The Latest: Cyberattacks to get worse, ex-Homeland boss says
Jun. 21, 2017
WASHINGTON (AP) — The Latest on the investigation into Russia's actions in the U.S. election and possible ties to Trump campaign associates (all times EDT):
The former secretary of the Homeland Security department says cyberattacks are going to get worse before they get better — and at this time, those on offense have the upper hand.
That's from the prepared testimony of Jeh (jay) Johnson, who served for President Barack Obama. Johnson is slated to testify before the House Intelligence committee on Wednesday. That panel, which is investigating Russian meddling in the presidential election, released his testimony on Tuesday night.
Johnson describes his discussions with state election officials about ensuring the integrity of the voting process.
Johnson says 33 states and 36 cities and counties used his department's tools to scan for potential vulnerabilities. He says the Russian government "did not through any cyber intrusion alter ballots, ballot counts or reporting of election results."
Leaders of the House Intelligence committee say they met with Special Counsel Robert Mueller to ensure their concurrent investigations don't interfere with one another.
Reps. Mike Conaway, a Texas Republican, and Adam Schiff, a California Democrat, issued a brief statement after they met with Mueller late Tuesday. The statement says the meeting was productive but provides no details about their discussion. Both lawmakers had declined to answer questions from reporters about the meeting on Capitol Hill.
Mueller is investigating Russian meddling in the election and possible collusion with the Trump campaign.
The House panel is conducting a separate inquiry into Moscow's interference in the 2016 election.
U.S. intelligence agencies have concluded Russian President Vladimir Putin ordered a hacking and disinformation campaign aimed at helping Trump's candidacy.
A Washington lawyer has confirmed that he's representing Attorney General Jeff Sessions but is not offering any more specifics.
A statement provided by the office of Chuck Cooper on Tuesday acknowledges that Cooper is representing Sessions. But the statement says Cooper won't comment on any confidential client matters.
The two men have had a longstanding relationship and Cooper advised Sessions ahead of his January confirmation hearing.
Sessions has faced scrutiny over two contacts he had with the Russian ambassador during the presidential campaign. During a Senate hearing last week, he angrily denied suggestions that he could have had a third, unreported encounter with the ambassador.
Sessions has also faced questions about his role in the firing of FBI Director James Comey last month.
White House Press Secretary Sean Spicer says he has yet to discuss with the president whether he believes the Russia government interfered in the 2016 election, as intelligence agencies have concluded.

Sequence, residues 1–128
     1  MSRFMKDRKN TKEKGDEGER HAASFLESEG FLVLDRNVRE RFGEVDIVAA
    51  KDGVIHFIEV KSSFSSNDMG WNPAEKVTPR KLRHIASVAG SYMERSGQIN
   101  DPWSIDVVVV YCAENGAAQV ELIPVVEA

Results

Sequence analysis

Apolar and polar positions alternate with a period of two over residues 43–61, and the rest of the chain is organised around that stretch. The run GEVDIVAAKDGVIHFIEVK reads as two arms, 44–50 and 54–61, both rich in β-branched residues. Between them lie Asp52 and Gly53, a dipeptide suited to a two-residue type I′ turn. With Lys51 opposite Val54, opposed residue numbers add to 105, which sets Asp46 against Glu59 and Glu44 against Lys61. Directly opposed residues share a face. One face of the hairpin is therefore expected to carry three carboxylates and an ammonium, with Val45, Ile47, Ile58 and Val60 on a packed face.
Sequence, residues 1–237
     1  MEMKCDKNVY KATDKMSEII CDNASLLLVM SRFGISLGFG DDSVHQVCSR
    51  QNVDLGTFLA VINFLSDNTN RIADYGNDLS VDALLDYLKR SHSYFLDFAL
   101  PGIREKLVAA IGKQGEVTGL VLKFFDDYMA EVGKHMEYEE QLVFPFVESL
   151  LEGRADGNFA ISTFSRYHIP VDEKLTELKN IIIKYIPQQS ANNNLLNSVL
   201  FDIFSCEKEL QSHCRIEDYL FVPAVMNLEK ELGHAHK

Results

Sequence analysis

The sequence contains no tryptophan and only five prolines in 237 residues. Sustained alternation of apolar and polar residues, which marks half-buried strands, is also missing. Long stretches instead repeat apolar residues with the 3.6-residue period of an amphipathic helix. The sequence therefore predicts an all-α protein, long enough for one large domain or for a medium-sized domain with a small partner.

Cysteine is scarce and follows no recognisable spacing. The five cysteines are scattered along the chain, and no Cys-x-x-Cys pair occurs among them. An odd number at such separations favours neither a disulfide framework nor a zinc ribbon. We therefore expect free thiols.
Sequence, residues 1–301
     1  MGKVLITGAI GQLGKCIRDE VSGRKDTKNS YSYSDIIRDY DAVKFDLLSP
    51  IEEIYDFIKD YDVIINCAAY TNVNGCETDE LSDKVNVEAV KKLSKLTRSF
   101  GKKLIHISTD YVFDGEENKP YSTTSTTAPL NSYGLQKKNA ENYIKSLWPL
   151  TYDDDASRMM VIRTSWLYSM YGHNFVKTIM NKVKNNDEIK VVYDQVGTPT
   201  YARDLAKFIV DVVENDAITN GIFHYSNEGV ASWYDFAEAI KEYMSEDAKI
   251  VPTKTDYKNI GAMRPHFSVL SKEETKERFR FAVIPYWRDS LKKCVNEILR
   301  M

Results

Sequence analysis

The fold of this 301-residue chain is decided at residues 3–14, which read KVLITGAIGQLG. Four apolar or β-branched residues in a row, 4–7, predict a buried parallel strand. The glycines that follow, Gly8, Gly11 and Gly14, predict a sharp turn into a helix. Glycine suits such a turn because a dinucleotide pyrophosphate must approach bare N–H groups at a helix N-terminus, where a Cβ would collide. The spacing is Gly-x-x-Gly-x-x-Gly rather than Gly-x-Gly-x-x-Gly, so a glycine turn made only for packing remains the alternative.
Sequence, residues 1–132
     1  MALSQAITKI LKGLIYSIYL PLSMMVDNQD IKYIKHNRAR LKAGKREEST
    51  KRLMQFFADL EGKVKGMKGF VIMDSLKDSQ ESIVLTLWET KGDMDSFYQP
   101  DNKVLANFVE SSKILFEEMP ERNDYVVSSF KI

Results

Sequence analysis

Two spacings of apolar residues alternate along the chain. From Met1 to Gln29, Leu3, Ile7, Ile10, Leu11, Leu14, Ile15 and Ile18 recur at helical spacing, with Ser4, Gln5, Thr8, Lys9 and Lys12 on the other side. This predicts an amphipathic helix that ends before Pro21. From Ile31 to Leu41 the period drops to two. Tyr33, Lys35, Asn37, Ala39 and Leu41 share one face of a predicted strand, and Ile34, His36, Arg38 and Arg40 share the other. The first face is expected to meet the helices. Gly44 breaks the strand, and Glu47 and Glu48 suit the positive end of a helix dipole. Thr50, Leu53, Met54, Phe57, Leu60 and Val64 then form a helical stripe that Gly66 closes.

Spicer told reporters during a briefing Tuesday, "I have not sat down and talked to him about that specific thing."
America's top intelligence officials have concluded that Russia undoubtedly interfered in America's 2016 presidential campaign.
That includes former FBI director James Comey. He recently testified in a congressional hearing that there is no doubt that the Russians meddled "with "purpose," ''sophistication" and technology.
Comey called it a "high-confidence judgment of the entire intelligence community."
Trump has dismissed investigations into the meddling and potential collusion with his campaign associates as a "witch hunt."
The White House says President Donald Trump is expected to make an announcement this week on whether any recordings exist of his private conversations with former FBI Director James Comey.
White House press secretary Sean Spicer says he expects an announcement "this week" on the possibility of tapes. Trump fired Comey in May and has suggested — but refused to confirm — that he may have tapes of his discussions with Comey. The FBI was investigating Russia's meddling in the 2016 presidential election and possible contacts with Trump campaign associates.
The House Intelligence Committee has asked White House counsel Don McGahn to provide an answer to the ongoing question about tapes by Friday.
Special Counsel Robert Mueller is scheduled to meet with top members of the Senate Judiciary Committee on Wednesday.
A Judiciary Committee spokesman made the announcement on Tuesday. Mueller is investigating Russian meddling in the election and possible collusion with the Trump campaign.
Mueller will talk with the chairman of the committee, GOP Sen. Chuck Grassley of Iowa, and the top Democrat, Dianne Feinstein of California. He'll also meet with GOP Sen. Lindsey Graham of South Carolina and Democratic Sen. Sheldon Whitehouse of Rhode Island.
The part of the reason for the meeting is to ensure there is no conflict between Mueller's probe and the work of the congressional committees.